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Online Reviews Can Get Your Dealership in Trouble with the FTC

 
Online reviews are everywhere and can help send traffic, online and in person, to your dealership. People now comment on a variety of websites- Yelp, Facebook, Twitter, TripAdvisor, the list goes on- about a variety of issues. As is the case with word-of-mouth references, bad experiences are shared far more frequently than positive ones. Business owners need to be very careful when trying to “combat” a bad online review.  It is important to be transparent in your reviews.  The Federal Trade Commission recently took action against two businesses for creating their own good reviews and also posting bad reviews with competitors.  Don't do it!  (see below).


In 2018, TIADA advised members of legislation related to consumer reviews, “the Consumer Review Fairness Act of 2016 spells out what a company can do to protect itself from inappropriate comments online. It's okay to remove a review that contains confidential or private information, like a personnel file or a company's trade secrets. It is also okay to remove a comment that is libelous, harassing, abusive, obscene, vulgar, sexually explicit or is inappropriate with respect to race, gender, etc. Finally, a company can prohibit or remove a review that is unrelated to the company's products or services.”
 
FTC is stepping up enforcement action.  Fake online reviews are deceptive practices!
 
The Federal Trade Commission's Bureau of Consumer Protection Bureau has recently taken two businesses to task for modifying, deleting, or making up online reviews.  According to the FTC, Section 5(a) of the Act provides that “unfair or deceptive acts or practices in or affecting commerce….are …declared unlawful.”
 
How can my fake reviews “affect commerce?”
 
On October 21st of this year, the FTC announced settlements with two companies for engaging in deceptive online marketing tactics.  One Texas based company was alleged to have misled consumers by using fake online reviews posted by its employees on a third-party site. The owner instructed employees (via company email) to create fake accounts, post positive reviews on their platforms, and post negative reviews of competitors. According to the FTC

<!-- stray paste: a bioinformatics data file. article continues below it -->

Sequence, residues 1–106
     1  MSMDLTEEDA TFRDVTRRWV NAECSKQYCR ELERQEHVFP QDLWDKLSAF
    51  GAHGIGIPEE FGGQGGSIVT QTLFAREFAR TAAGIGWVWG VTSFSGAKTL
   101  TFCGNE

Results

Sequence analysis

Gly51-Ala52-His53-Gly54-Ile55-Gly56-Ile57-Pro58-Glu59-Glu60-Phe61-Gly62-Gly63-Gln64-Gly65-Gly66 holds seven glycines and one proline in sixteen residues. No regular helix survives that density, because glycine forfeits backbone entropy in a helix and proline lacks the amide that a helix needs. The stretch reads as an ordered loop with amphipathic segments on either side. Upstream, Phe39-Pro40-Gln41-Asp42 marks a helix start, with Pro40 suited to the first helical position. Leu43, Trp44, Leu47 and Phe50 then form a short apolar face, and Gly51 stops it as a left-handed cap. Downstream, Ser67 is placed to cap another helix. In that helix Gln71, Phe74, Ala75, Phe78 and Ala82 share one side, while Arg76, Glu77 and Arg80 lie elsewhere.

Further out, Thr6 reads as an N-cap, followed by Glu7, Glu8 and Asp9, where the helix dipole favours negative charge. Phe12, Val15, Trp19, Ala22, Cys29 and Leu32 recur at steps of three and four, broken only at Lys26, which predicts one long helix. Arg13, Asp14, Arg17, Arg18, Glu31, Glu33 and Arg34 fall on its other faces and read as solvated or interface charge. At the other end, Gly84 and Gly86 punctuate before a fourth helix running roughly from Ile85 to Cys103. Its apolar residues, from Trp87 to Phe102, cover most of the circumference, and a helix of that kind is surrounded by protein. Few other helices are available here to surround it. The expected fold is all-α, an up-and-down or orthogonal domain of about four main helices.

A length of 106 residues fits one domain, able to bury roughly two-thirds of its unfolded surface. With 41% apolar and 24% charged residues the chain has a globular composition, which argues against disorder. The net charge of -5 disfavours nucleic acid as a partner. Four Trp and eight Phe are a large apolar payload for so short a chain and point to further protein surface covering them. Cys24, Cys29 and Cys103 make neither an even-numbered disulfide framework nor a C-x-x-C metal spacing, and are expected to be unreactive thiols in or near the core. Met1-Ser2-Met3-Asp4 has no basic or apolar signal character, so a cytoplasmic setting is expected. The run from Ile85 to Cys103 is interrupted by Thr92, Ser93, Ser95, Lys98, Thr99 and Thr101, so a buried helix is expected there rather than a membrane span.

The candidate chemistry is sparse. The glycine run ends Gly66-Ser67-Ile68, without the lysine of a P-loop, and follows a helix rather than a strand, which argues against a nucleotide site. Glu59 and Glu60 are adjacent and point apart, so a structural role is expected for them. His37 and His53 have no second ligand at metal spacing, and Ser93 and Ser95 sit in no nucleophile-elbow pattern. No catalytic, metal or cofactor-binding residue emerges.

“posting deceptive or inaccurate information online pollutes the e-commerce marketplace and prevents consumers from making informed purchasing decisions.  With these two actions the FTC makes it clear that it will take enforcement action against this type of illegal behavior.”
 
In addition and according to the Consumer Review Fairness Act, “A business cannot include a contract provision that prevents customers from writing a negative review. The Act makes it illegal for a company to use a contract provision that:
  1. Bars or restricts the ability of a person who is a party to that contract to review a company's products, services, or conduct;
  2. Imposes a penalty or fee against someone who gives a review; or
  3. Requires people to give up their intellectual property rights in the content of their reviews.
 
The Act is enforced by the Federal Trade Commission and the Texas Office of the Attorney General. A violation of the CRFA will be treated the same as a violation of the Uniform Unfair or Deceptive Act or Practices Act. A company could face financial penalties.
 
The FTC advises companies to review their contracts, including online terms and conditions. Also, remove any provision that restricts people from sharing their honest reviews, penalizes those who do, or claims copyright over peoples' reviews. The suggestion holds even if you've never tried to enforce it or have no intention of enforcing it.
 
Online reviews are here to stay. The answer to the question “what can a business owner do” is pretty clear: Closely monitor your online presence, both on review sites and social media. When the inevitable “bad” review is posted, do not delete it unless you are certain that removing the review is lawful. When in doubt, consult an attorney. 

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